The strikeout results from assumptions that are patently wrong. Cities (urban areas) do not get more dense as they add population.
Cox notes, quite rightly, that the population density of the New York metropolitan area has fallen over the past half century. And he warns that one should be cautious about the productivity-density nexus because many of the country’s productive places have been getting less dense.
The problem is that he’s using a statistic that’s not very informative. Simple population density measures the average density across a particular area. If you have a metro that covers a large area but which features a very dense core, however, you can easily have a situation in which the vast majority of the metro’s population lives at densities above the average population density. I think it’s more informative to focus on weighted-average population density. To do this, you compute the density of a metropolitan area by averaging across Census tracts (for instance; you could also use municipalities or some other subdivision), weighted by population. The resulting weighted-average density tells you the density level at which the average resident of a metropolitan area lives. The average resident of the New York metro area lives at a much higher density level than the simple population density for the metro area.
And of course, large portions of the United States — including economically critical areas — do get more dense as they add population. New York City didn’t get any bigger between 2000 and 2010, but it did add over 200,000 people. As a result, it got considerably denser. Had it been easier to build in New York City, the rising demand to live there would have translated into even more population growth in the core, and correspondingly less growth in housing costs. It’s funny that Cox understands that building regulations are a problem but doesn’t connect onerous restrictions in the core with growth on metropolitan peripheries.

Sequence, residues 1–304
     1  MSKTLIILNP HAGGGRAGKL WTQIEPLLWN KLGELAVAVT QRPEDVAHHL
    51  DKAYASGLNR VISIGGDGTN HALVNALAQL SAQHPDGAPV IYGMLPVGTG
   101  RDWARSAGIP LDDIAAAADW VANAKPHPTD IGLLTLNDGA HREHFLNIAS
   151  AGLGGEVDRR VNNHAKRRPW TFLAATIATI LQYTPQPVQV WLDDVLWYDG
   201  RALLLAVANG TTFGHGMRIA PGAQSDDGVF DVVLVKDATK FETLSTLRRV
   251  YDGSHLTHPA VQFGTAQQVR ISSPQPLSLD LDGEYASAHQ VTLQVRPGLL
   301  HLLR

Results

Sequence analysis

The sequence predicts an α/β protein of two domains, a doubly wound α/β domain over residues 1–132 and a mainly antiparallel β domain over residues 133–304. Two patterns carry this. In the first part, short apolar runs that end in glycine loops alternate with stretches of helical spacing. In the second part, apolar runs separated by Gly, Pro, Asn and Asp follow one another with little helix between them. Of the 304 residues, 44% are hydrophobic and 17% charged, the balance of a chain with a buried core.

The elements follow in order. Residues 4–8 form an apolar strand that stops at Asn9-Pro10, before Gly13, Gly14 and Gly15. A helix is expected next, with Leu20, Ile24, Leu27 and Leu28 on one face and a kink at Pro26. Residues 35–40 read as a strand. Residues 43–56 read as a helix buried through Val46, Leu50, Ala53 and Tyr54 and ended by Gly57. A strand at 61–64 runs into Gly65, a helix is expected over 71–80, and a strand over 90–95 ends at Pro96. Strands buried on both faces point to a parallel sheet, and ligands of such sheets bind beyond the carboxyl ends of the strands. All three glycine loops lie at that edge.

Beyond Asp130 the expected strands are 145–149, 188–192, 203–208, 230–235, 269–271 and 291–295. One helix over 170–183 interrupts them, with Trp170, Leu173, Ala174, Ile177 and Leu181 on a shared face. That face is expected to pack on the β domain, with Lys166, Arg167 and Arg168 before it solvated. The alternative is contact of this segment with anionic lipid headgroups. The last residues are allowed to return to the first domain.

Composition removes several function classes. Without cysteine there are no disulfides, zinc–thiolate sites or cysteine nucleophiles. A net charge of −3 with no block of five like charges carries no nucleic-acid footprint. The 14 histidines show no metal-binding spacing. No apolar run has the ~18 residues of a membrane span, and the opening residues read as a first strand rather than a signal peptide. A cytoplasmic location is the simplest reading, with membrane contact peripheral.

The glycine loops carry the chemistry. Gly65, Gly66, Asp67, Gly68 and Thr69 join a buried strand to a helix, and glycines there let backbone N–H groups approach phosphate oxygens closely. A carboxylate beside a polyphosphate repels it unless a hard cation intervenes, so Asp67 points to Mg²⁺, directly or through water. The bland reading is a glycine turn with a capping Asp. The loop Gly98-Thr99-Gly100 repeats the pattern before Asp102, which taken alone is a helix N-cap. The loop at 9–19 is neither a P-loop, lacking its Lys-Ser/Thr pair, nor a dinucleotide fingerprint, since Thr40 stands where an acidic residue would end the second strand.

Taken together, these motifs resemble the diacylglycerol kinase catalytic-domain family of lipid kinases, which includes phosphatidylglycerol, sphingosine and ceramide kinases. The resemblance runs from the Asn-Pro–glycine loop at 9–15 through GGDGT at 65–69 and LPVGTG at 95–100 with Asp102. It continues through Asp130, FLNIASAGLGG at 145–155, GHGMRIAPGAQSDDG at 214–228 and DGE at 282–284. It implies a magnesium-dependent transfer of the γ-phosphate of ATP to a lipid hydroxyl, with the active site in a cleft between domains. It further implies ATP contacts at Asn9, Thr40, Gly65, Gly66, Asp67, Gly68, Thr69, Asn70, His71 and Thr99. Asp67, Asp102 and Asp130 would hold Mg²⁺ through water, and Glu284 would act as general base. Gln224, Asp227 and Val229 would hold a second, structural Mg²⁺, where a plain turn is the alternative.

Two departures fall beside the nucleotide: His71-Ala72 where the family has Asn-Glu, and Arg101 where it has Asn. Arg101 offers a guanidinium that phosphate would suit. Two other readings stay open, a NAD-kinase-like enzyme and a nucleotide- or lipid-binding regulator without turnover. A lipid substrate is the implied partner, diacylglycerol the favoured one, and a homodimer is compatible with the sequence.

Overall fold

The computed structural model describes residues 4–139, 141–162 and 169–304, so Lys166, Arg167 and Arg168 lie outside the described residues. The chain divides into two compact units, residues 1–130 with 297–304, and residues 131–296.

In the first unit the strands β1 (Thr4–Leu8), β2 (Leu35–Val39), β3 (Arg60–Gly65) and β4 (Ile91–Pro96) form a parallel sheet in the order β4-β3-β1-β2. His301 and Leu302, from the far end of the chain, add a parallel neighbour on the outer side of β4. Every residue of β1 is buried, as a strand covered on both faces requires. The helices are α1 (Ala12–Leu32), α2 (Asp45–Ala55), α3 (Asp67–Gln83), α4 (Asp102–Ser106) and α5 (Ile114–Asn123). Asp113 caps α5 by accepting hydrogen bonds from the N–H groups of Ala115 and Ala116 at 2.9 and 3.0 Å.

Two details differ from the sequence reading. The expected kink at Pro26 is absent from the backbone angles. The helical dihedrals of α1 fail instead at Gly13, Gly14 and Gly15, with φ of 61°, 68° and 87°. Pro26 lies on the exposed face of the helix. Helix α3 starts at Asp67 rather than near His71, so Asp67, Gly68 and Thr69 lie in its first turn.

Cox also misunderstands another critical point of the piece, and of the book from which it’s adapted. He implies that higher incomes in dense, productive areas don’t count because they’re cancelled out by higher living costs. That’s true; the point I’m making is that people are moving from more productive cities to less productive cities because of the impact of housing costs on real earnings. What Cox neglects is the importance of the fact that businesses in expensive cities are willing and able to pay high nominal incomes. Why would they do that if they didn’t have to? A tradable good or service produced in Silicon Valley will fetch the same price in an export market as a similar good or service produced in Houston. You don’t get to charge more for a widget just because you chose to make it in an expensive city. That’s a big reason why lots of employers choose not to locate their businesses in Silicon Valley, or indeed in the United States. But many of them do choose to locate in the expensive city and pay the high wage, and as I point out in my book, expensive places like Silicon Valley employ a larger share of American workers in high value, export industries than do cheap places like Houston.
They do this because it’s worth it to them to locate in the expensive city. Firms in Silicon Valley enjoy higher productivity levels and informational spillovers — facilitated by density — that simply can’t be duplicated in other, cheaper cities. If they could be, they would be, and the high cost Silicon Valley economy would quickly implode.
The dense, high-wage metro areas like Silicon Valley have a significant economic value to the national economy, and the tight limitations on new development in those places prevent us from taking full advantage of that value. A great deal of economic potential is being wasted. It’s more important to recognize that than to argue that you know best what kind of development Americans want. Make it easier to meet housing demand in cities; if Americans love McMansions and hate walkable density, then that’s what builders will provide. I just want to make sure we stop costing ourselves easy opportunities for growth.